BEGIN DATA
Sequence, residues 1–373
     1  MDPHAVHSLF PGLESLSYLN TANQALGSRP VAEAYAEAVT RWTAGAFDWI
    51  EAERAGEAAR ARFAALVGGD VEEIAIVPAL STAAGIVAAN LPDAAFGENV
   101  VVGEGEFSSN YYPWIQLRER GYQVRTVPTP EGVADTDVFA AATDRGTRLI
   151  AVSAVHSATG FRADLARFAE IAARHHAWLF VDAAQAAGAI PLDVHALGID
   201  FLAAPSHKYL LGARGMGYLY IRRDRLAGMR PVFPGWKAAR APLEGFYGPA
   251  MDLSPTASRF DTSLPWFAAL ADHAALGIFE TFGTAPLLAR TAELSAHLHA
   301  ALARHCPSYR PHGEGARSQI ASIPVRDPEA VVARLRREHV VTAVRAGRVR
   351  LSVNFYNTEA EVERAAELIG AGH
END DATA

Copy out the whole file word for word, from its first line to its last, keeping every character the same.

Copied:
Sequence, residues 1–373
     1  MDPHAVHSLF PGLESLSYLN TANQALGSRP VAEAYAEAVT RWTAGAFDWI
    51  EAERAGEAAR ARFAALVGGD VEEIAIVPAL STAAGIVAAN LPDAAFGENV
   101  VVGEGEFSSN YYPWIQLRER GYQVRTVPTP EGVADTDVFA AATDRGTRLI
   151  AVSAVHSATG FRADLARFAE IAARHHAWLF VDAAQAAGAI PLDVHALGID
   201  FLAAPSHKYL LGARGMGYLY IRRDRLAGMR PVFPGWKAAR APLEGFYGPA
   251  MDLSPTASRF DTSLPWFAAL ADHAALGIFE TFGTAPLLAR TAELSAHLHA
   301  ALARHCPSYR PHGEGARSQI ASIPVRDPEA VVARLRREHV VTAVRAGRVR
   351  LSVNFYNTEA EVERAAELIG AGH